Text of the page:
U.S. budget deficits to hover near $1 trillion annually over next decade, Congressional Budget Office says

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Annual U.S. federal budget deficits – the difference between what the government takes in and what it spends each year – are expected to remain close to $1 trillion or more over the next 10 years, the Congressional Budget Office said Thursday.

Congress’ nonpartisan budget arm reported that fiscal deficit was expected to fall this year, from $3.13 trillion in 2020 to $2.26 trillion in 2021, and continue a path downward until 2024, but after that, it would begin rising again and hit almost $2 trillion in 2031.

The forecasts are likely overly optimistic, as they are based on current law and do not take into account plans by Democrats in Congress to pass a $1.9 trillion coronavirus economic aid package in the coming weeks. The CBO’s forecast also assumes temporary tax cuts put into place in 2017 by Republicans will not expire as scheduled.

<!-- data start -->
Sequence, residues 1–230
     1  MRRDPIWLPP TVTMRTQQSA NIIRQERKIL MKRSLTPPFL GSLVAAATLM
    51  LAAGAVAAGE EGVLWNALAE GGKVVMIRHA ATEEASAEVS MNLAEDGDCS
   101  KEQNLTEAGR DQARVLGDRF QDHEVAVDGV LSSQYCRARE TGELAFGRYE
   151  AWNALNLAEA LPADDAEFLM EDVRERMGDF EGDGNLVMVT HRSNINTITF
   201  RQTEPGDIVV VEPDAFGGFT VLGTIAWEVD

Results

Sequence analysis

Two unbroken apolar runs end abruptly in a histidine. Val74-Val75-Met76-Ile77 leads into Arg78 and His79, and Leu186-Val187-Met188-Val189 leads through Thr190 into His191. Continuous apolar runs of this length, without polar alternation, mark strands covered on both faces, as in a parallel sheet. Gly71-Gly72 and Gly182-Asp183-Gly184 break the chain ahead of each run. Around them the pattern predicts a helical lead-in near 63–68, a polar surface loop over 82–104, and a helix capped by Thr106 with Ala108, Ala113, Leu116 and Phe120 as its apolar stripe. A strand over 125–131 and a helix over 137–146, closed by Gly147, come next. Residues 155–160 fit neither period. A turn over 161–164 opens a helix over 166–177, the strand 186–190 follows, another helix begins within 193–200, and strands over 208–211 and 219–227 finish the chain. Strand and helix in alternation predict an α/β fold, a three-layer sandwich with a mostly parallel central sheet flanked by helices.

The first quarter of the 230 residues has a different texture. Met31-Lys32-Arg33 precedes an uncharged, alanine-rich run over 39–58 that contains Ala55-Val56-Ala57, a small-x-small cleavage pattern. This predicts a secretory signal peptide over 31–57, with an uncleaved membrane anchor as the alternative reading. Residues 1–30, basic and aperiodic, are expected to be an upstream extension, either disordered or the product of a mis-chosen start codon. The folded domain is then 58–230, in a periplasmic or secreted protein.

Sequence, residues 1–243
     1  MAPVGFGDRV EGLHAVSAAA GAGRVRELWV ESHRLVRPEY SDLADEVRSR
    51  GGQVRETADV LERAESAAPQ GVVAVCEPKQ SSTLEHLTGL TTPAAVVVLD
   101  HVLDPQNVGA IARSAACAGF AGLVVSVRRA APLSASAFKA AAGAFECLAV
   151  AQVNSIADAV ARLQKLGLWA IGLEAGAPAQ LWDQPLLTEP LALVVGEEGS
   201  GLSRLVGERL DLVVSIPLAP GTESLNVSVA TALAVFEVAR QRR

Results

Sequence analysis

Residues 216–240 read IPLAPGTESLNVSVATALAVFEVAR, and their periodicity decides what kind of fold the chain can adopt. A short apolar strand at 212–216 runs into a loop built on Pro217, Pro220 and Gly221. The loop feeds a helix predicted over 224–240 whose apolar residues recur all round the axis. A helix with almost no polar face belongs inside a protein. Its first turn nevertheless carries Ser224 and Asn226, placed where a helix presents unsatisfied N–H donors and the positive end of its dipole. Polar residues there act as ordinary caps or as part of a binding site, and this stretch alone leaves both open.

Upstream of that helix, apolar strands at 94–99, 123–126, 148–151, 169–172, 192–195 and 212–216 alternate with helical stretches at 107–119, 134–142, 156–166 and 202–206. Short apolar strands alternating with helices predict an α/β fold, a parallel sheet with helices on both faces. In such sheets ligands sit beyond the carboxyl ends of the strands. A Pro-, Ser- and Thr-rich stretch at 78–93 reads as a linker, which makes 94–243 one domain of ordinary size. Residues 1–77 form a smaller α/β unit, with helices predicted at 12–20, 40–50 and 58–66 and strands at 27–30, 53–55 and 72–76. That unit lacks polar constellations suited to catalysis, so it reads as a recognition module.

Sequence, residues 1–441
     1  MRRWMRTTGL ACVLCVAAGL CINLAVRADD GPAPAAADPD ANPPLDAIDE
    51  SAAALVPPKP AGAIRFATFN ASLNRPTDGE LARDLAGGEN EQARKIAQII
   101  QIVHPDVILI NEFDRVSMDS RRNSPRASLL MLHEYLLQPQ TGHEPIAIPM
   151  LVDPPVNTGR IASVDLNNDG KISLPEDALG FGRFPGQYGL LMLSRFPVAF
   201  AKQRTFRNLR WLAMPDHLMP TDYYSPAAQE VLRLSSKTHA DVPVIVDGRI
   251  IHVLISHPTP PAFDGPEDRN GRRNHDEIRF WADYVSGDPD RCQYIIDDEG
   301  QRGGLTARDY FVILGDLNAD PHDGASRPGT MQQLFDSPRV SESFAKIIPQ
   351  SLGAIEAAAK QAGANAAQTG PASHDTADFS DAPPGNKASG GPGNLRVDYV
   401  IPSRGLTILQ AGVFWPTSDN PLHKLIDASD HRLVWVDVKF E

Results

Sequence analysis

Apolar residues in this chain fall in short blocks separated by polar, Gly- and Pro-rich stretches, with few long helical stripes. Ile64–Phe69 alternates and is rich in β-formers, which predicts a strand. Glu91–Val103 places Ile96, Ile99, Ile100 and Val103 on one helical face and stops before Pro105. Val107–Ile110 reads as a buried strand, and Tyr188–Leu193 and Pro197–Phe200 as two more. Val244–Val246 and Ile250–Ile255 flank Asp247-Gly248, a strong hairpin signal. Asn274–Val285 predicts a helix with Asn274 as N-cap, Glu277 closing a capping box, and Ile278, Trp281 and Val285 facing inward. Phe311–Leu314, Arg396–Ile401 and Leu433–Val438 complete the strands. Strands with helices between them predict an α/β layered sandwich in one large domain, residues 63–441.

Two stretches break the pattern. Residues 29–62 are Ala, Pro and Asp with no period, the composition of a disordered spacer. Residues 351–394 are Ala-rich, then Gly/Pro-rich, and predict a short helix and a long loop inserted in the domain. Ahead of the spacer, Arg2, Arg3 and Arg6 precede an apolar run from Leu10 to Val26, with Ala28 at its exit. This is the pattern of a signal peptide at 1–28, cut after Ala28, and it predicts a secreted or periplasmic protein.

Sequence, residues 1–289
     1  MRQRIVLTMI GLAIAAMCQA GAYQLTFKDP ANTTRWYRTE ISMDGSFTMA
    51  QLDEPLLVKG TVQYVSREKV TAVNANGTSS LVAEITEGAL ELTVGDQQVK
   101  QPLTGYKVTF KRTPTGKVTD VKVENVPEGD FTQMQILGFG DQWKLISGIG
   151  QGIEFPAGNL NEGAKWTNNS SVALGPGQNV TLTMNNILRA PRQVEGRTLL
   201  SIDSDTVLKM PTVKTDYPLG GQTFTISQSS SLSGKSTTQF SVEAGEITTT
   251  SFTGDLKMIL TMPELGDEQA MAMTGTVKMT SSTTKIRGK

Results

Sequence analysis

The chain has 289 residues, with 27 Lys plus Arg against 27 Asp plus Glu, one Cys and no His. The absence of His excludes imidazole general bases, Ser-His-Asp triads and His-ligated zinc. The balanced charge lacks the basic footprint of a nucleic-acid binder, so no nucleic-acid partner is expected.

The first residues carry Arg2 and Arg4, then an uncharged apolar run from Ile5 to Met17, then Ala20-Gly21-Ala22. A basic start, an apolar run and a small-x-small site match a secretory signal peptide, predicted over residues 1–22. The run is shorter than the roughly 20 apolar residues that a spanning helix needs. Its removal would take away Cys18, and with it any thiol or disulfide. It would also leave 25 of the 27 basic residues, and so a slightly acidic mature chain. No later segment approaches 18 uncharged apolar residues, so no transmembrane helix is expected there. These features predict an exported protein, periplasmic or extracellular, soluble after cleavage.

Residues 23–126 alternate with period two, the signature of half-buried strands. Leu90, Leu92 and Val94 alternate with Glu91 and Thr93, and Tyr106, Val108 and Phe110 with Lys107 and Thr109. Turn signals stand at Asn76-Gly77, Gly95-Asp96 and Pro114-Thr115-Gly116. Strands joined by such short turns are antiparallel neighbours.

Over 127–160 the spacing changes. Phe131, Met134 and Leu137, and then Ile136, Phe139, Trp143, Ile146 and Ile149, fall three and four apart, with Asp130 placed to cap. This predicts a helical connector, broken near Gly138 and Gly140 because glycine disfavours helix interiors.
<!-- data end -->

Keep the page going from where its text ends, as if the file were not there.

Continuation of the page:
The 2020 and 2021 deficits will be the largest and second largest deficits in dollar terms, and the some of the largest deficits in relation to the size of the economy since the end of World War II.

“Those deficits, which were already projected to be large by historical standards before the onset of the 2020-2021 coronavirus pandemic, have widened significantly as a result of the economic disruption caused by the pandemic and the enactment of legislation in response,” CBO said.



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